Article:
For prolonged environmental pleasure, there’s an additional CD with (only) the environmental field recording sounds from the same game, released by Robin Arnott. No ‘musical’ content, yet very pleasurable to listen to… so I advise you to check out the “Antichamber” double packfor three hours of sounds and music.

Blue Forest

It’s easy to keep floating from the “Antichamber” soundtrack right into Wouter Veldhuis’ “Blue Forest“, which is released on Organic Industries in one of the label’s distinct foldout packages with a beautiful photography determining the atmosphere
(I know, I know, I’m late again, sorry: only 5 copies left at the time of writing – but luckily the digital download remains available still).
As the cover image already indicates, the atmosphere gets somewhat darker from here, but Veldhuis‘ drone soundscapes are also of an indefinite calm. It must also be noted that “all tracks are made out of captured and processed pre-heard, found sounds and field-recordings. No samples, synthesizers or electronic audio sources were used during the production process”.


If you’re already familiar with the previous work of Mark Tamea (if not, you may want to check out this 2009 mix), you know this will sound different from both releases mentioned before. These are not ‘drones’ but fragmented pieces of sound, electronic as well as (semi- )acoustic. Post-classical sounds, avant-garde-like composition techniques, musique concrete mixed with environmental field recordings and short melodic fragments – but always recognisable as ‘genuine Tamea’ because of that bright sound that is different from what most contemporaries do.

This is not ‘easy music’ – it requires dedicated listening because it’s as abstract as the web site liner notes. But if you dive into it it really pays off!
(Physical edition limited to 25 copies).

Banabila EP

I don’t think Michel Banabila needs any further introduction here.
Even apart from his work for theatre and dance performances, his musical output has accelerated with lightspeed, meandering from electronic experimental music to eclectic world music. Shortly after the Machinefabriek collaboration and the (name your price) “47 Voice Loops“, here are two new titles also worth investigating!
Apart from some new tracks,Zoomworld is built around samples and fragments of tracks that you may recognise from his earlier work (In Other Words, 47 Voice Loops, Mltvz7). But the overall feel is quite different, as if the light has shifted completely. These new versions are created in collaboration with sound artist Radboud Mens,with whom Banabila engaged in live performance sound ‘battles’. The musical result surpasses the ‘ambient’ genre label in any possible way, but it definitely is some of the most engaging electronic music you may encounter.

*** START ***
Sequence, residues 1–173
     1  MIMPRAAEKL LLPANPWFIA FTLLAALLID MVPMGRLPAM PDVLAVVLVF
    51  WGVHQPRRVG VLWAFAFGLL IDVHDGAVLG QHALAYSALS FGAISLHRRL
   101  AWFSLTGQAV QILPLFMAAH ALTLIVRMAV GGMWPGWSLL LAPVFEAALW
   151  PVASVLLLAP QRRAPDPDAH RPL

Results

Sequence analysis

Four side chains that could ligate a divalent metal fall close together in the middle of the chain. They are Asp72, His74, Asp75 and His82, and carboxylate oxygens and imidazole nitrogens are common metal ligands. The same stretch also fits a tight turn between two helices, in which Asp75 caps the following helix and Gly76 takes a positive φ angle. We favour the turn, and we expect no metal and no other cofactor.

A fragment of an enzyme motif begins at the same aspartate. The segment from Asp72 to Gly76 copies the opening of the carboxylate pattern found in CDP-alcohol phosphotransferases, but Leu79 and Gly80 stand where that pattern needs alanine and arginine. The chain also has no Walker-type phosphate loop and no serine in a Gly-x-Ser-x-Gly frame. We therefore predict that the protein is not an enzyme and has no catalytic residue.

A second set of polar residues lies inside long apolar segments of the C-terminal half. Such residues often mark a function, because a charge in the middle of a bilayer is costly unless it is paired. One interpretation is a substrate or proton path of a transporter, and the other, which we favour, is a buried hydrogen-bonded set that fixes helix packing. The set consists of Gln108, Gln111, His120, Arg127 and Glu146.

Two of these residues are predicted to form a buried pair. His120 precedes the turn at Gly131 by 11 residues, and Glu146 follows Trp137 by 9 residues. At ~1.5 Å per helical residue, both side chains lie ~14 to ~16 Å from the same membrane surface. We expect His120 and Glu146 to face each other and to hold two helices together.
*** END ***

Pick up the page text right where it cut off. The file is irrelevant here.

BANABILA, ERKER, MACHINEFABRIEK, ZENIALis a limited vinyl release showcasing some of Banabila’s diverse collaborations along with a few new tracks. Tracks earlier released are “Deep in the Forest” (from “Route Planner“) and “More Signals from Krakrot” (from “The Latest Research From The Dept. of Electrical Engineering“). “Crowds”, however is an excitingly different version than the one known from the Sum Dark 12 release. The two new tracks are the opening track “Ill Rave” (with Machinefabriek) and the delicate “Drops”.
B-E-M-Z.clearly demonstrates Banabila’s versatility. But then – most of his albums do!
The impressive artwork is also very much worth mentioning: it’s taken from a collection of kite aerial photographs by Gerco de Ruijter.

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Stephan Mathieu – Un Coeur Simple


Shortly after reworking David Sylvian’s “Blemish” on Wandermüde“, Stephan Mathieu presents another impressive work.

“Un Coeur Simple” (“A Simple Heart”) is the soundtrack of a play based on Gustave Flaubert’s novel, which was published in 1877 as the first of three tales.

In creating his personal soundscapes, Mathieu has always preferred using old source materials, things of the past, like wax-cylinders and 78 rpm records, as his source material….“a fascination for the past expressed through cutting-edge tools”.

>There’s a intriguing resemblance in cover art which links the music “Wandermüde” to “Un Coeur Simple”.
The source material is different, yet these sounds are immediately recognisable as the intimate work of Stephan Mathieu.

I would definitely love to see how the stretched drones that make up most of this album fit into a stage play rendition of Flaubert’s original work.

All ‘drone loveliness’ gets a sudden dramatic change of style at about 2/3 of this album, when the source material for “Devenir Sourd”(“Becoming Deaf”) consists of a distorted (78rpm vinyl style) choir recording slowly merging with morse signals and sounds of utter distortions and collapse.

This uneasy feeling is kept up for a while with the contradictive sounds in “Felicité” (felicity, or ‘happiness’), before the album concludes and slowly retreats to eternal rest with the 15 minute drone sounds of “Trace”, which seems to recall all that came before.

Apart from the album release on Baskaru, Stephan Mathieu’s own platform, Schwebung, also offers a 24bit FLAC download version for those of you that want to obtain the best sound quality available.